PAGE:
"I don't see that bonds already as strong as diamond links need any strengthening," said Holtz, who was not involved in the study.
A New World of Dinosaur Color
The discovery of melanosomes in fossil feathers also opens a window onto the previously unknown world of prehistoric color, because melanosomes contain the color-associated pigment melanin. (Pictures: Evolution of Dinosaur Art.)
The two most common types of melanin found in modern birds are eumelanin, associated with black and grey feathers, and phaeomelanin, found in reddish brown to yellow feathers.
Melanosomes of both types were found during the new study, providing "the first empirical evidence for reconstructing the colors and color patterning" in dinosaurs and Chinese fossil birds, Zhang and his colleagues write.
For example, the 125-million-year-old early bird Confuciusornis was found to have color variation between blacks and browns in a single feather. And dark areas in Sinosauropteryx's tail were "absolutely packed with phaeomelanosomes," said Benton—a finding that led the team to propose that the dinosaur's tail was striped with "chestnut to rufous [reddish brown] tones."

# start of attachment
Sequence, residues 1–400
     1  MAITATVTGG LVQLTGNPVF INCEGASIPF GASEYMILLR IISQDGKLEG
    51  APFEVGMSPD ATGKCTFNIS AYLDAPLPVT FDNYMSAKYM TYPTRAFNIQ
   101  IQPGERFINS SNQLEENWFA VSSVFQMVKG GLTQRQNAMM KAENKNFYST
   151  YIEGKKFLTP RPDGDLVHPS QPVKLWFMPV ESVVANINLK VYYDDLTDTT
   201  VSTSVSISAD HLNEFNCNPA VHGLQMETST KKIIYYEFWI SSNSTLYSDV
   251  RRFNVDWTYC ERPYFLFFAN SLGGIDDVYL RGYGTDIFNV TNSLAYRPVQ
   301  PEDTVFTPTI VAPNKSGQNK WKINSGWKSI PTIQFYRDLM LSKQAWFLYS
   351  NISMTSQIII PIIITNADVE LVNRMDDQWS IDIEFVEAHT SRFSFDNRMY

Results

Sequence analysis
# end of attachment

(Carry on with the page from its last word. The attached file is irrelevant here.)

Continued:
The University of Maryland's Holtz said, "It seems reasonable to infer that the same size and shape melanosomes in dinosaurs would have resulted in the same colors as in modern birds."
But while melanosomes produce many feather colors, they can't make them all. Many bright feather colors, such as flamingo pink and canary yellow, are related to the foods birds eat.